Friday, June 13, 2008

Large-Format Easel

One of my goals this summer is to paint bigger paintings outdoors. My French easel works pretty well up to a certain size, but the drawer doesn't hold the French Companion (or "Mistress") very well, and the large canvas, which catches the Maritime wind like a sail, can tip the easel over. The solution is the Gloucester easel:

This easel was used by Gloucester painters, most notably Emile Gruppé. Its two benefits: It is extremely stable in wind, and it can hold a very large canvas. There are a couple of improved versions of the easel available today. One is the "Take-It-Easel," sold by pastel artist Rosalie Nadeau (www.takeiteasel.com), and the "Beauport," sold by some of the online art supply merchants.

I got my Gloucester easel this week. I took it out a couple of times to work out the system. This is always important when you get new gear. My first time, I didn't venture any farther than the front yard, where I could hide behind a rose hedge. I didn't want to be seen by the neighbors as I wrestled with setting it up. Set-up went pretty quickly, but I had a problem with the cross-bars. They kept slipping down, and the "platform" they are supposed to make didn't seem at all steady. In fact, it collapsed, sending my French Companion tumbling into the dirt! I fixed the problem with a Bungie cord to my satisfaction.

Another issue was my little Wal-Mart chair umbrella, which has a clamp that is too small to fit on the easel's leg. I did try my Julian umbrella, which has a monster clamp but is heavy. Gravity caused it to twist and fall away from the ideal position. I'm not sure what to do, other than to have a second tripod for an umbrella. (Some of you may have ideas, and I'm happy to hear them!) One final issue was: How do you carry wet panels or stretched canvas? I'm planning on working in a larger format than is available for the plein air panel carriers. I don't really want to throw an unprotected painting in the back of the car, since I travel dirt roads, and a good deal of dust blows into the car, and thus onto the painting. (I can use ideas for this, too.)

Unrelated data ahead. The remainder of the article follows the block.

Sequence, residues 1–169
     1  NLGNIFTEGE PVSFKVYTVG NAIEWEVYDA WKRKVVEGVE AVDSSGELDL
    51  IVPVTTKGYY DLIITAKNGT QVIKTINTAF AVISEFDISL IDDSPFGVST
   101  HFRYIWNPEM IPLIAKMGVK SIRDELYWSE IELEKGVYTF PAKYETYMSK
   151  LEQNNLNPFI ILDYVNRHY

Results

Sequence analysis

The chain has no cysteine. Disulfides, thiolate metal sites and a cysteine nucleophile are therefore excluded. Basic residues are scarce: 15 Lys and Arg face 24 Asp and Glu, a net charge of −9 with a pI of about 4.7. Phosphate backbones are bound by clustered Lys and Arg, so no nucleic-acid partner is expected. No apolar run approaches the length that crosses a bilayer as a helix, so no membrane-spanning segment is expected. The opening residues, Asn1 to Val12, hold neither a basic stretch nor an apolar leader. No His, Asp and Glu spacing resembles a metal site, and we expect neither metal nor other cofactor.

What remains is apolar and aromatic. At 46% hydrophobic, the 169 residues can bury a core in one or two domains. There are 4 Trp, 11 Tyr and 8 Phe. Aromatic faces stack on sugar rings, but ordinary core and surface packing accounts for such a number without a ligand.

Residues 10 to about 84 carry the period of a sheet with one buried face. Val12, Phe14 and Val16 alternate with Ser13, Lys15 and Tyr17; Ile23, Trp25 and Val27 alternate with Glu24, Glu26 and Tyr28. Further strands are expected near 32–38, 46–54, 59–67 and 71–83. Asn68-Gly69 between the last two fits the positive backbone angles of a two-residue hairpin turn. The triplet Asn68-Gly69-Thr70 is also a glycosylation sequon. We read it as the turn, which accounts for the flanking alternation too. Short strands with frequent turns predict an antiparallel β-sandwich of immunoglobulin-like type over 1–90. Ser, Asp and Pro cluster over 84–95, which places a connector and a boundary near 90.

I went out the next day to a good painting spot. I took only a 9x12 panel with me; I was more interested in making a second test of the easel rather than making a big painting. (The easel can take up to a 4-foot canvas.) I was very happy with the day, even without a working umbrella or a way to carry wet paintings. The easel does everything it's supposed to do. I even had a stiff wind blowing!

Here's a photo of the easel at work at Upper Duck Pond on Campobello Island. Yes, I know -- that little painting does look mighty funny perched way up high!

And here is the painting:

"Duck Islands"
9x12, oil, en plein air
SOLD

2 comments:

Jennifer Young said...

Hi Michael,
Really enjoy your blog. I was wondering if you ever did find an umbrella solution for your large easel? I bought the umbrella offered by ArtWork Essentials but have problems with using it for my Soltek easel due to their legs (which aren't round like a tripod's) Seems the AE umbrella only wants to stay up when it is attached exactly upright (which, as you know doesn't really address the other 99% of the times when you need to shade your palette and painting!)

Soltek used to sell a contraption that you can use to attach to a clamp-style umbrella, but it's heavy. So if you've discovered another solution, I'd sure love to hear it!

Michael Chesley Johnson said...

Hi, Jennifer. Try the Best Brella (www.bestbrella.com). This is what I use now, and it works really well, IMHO.

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